Sharon Gietl, The Doe Run Co., St. Louis, Missouri, USA
Sometimes you've just got to prove it.
When Sharon Gietl joined The Doe Run Co. as vice president of IT and CIO in 2004, the mining company had no project management in place—and no interest in adding it. “The former CEO was not a process or methodology guy,” she says. “In his mind, adding processes was just a lot of corporate overhead.”
Shortly after she came on board, though, a new CEO took over. Sensing an opening, Ms. Gietl got to work, showing how a project management office (PMO) would help—not hinder.
“You can talk about project management until you're blue in the face,” she says, “but you have to demonstrate success to get buy-in.”
What prompted you to recommend creating a PMO?
When I started, a large enterprise resource planning implementation was underway. The project manager was a functional expert with no project management experience, and the team was trying to get it done faster and for less money than it should have. We got it done, but there were a lot of bumps and a lot of lessons learned about the need for better governance and scope.
After that, I went to the new CEO and suggested we launch an enterprise-wide PMO. The CEO challenged me that if I could get the executive team to buy in, then I could go for it. The biggest resistance came from the COO, but he agreed to bring in a project management expert for a one-year contract. If we could make inroads, then the company would convert.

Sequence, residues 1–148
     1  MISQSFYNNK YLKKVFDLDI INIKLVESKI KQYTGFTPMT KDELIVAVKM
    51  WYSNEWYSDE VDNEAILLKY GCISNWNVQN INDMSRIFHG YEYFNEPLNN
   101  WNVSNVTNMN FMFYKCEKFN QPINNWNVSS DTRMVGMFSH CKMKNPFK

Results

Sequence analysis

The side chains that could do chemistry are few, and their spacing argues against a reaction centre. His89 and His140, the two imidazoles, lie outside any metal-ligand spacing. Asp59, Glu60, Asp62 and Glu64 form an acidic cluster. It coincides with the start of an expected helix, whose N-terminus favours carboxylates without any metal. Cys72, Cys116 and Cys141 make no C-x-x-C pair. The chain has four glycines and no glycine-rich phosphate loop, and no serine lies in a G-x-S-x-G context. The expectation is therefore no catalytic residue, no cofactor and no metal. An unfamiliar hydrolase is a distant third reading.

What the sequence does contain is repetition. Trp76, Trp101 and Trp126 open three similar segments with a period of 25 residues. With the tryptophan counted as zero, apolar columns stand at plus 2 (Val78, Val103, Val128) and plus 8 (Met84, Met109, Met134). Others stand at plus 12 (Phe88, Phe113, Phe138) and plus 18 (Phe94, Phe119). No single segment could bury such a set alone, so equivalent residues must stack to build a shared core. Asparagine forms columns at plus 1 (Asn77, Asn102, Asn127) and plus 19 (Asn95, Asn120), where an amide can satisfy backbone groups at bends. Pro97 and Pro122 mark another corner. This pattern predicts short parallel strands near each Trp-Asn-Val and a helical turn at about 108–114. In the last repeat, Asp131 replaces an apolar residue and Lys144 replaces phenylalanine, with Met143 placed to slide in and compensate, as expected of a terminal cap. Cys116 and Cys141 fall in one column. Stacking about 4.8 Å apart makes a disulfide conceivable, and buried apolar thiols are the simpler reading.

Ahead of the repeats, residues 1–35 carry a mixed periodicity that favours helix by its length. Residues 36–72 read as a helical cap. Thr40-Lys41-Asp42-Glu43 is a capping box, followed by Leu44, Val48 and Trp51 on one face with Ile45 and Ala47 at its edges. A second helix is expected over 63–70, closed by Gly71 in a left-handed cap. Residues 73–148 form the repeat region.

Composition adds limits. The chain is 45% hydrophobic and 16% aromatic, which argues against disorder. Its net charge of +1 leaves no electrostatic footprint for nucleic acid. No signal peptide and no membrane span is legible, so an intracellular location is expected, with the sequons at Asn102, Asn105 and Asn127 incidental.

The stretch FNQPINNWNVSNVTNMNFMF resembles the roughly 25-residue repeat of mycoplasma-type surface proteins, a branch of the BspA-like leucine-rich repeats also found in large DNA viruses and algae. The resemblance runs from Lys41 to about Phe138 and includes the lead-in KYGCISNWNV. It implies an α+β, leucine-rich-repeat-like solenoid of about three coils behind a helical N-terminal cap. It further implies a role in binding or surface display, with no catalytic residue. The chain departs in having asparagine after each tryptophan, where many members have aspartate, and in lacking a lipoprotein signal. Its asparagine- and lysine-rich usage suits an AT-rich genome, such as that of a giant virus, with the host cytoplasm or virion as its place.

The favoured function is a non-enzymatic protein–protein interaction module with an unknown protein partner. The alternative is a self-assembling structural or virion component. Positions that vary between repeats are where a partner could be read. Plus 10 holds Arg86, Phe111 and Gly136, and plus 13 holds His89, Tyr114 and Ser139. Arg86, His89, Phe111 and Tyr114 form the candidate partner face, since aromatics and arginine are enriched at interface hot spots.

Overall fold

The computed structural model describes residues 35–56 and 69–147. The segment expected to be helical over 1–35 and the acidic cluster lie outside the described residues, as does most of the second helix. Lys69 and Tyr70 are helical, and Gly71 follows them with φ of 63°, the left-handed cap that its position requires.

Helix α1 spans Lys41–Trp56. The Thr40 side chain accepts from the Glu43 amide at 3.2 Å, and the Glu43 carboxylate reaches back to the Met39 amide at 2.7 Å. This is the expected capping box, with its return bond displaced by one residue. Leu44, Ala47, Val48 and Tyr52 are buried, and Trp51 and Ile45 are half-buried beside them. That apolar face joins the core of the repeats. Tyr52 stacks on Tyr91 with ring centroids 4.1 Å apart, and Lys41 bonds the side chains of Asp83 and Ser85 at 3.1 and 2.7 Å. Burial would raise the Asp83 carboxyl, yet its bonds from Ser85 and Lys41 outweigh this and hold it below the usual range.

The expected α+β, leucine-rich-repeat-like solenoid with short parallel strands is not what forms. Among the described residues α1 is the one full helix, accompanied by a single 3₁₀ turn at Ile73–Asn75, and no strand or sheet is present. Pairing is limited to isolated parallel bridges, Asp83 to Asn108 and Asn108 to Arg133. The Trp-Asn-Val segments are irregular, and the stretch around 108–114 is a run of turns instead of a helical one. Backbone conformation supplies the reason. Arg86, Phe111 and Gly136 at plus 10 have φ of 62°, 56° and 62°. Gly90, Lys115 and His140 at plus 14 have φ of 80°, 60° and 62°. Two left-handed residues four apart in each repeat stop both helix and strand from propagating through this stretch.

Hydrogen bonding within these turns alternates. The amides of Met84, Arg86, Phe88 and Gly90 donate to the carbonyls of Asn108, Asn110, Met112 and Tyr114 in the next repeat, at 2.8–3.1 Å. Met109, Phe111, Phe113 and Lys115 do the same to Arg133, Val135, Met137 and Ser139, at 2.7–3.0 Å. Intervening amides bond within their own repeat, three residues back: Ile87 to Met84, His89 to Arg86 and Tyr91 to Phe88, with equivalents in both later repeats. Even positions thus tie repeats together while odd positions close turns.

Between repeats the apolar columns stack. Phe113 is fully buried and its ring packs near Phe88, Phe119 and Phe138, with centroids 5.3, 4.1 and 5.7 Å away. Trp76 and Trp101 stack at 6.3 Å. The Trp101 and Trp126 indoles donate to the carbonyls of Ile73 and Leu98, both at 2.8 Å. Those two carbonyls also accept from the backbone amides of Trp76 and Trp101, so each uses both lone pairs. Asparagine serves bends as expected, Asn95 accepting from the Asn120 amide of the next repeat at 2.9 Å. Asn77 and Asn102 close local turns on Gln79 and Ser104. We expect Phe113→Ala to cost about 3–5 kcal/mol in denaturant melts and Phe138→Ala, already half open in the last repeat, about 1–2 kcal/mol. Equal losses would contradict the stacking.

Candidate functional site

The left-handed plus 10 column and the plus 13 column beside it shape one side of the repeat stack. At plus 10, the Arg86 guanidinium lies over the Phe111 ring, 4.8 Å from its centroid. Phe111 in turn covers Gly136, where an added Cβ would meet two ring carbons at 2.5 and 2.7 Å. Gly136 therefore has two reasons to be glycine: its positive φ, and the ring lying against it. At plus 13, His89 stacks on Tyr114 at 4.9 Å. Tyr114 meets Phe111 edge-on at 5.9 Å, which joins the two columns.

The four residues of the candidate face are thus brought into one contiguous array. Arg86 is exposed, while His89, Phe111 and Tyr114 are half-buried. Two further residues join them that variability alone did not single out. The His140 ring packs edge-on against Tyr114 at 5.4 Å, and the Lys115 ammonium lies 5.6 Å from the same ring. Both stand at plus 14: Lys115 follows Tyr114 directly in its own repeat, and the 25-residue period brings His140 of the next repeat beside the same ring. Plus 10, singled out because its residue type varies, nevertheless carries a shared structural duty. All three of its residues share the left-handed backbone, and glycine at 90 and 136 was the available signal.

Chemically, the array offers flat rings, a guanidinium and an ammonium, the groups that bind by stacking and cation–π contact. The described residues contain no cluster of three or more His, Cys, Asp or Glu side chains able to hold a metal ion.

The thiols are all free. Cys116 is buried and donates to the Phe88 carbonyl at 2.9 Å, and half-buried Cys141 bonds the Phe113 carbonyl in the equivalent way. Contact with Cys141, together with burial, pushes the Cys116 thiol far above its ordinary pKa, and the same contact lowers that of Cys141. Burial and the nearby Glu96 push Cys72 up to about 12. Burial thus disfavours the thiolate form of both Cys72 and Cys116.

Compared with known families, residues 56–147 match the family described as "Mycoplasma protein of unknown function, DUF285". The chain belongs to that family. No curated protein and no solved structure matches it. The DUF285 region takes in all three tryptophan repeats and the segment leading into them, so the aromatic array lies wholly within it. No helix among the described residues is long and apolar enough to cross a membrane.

You can talk about project management until you're blue in the face, but you have to demonstrate success to get buy-in.
How did you create the company's project management methodology?
We purchased it from an Australian company specializing in mining. The PMO customized it for different-sized projects based on the budget, scope and impact to the organization. The idea was that the amount of rigor required on each project would be based on the amount of risk a project had—a US$100 million project has greater risk and requires more rigor than a US$20,000 initiative.
Has it changed the way Doe Run approaches projects?
Absolutely. In the past, if you could convince the COO and the CEO your project was a good idea, then it would be put on the list. As a result, people might never deliver on their promises because there was no scope or governance.
Today there's a lot more rigor. We do annual project reviews. We prioritize projects, and all scoping has to be done before project ideas are even presented.
How has the presentation process changed?
Project leaders used to avoid processes like developing scope documents because they saw them as obstacles to progress. Larger-budget projects could sit for ages and there would be a lot of questions back and forth with executives. Now, if you have a really good scope and a track record of performance, approvals come much quicker. Project leaders see that processes help them get things done faster.
Has project management helped you weather the downturn?
Yes. We had our list of priorities and we had a defined cut line in terms of budgets and projects that could be put on hold. We held review sessions every two to four weeks to decide when to cut budgets or projects and when to add them back.
How does the COO feel about project management now?
He was the Doubting Thomas, but once he saw what we could accomplish, he became a cheerleader. And having a cheerleader on our side from the division that spends the most money and has the most political clout has paved the way for us. PM
APRIL 2010 PM NETWORK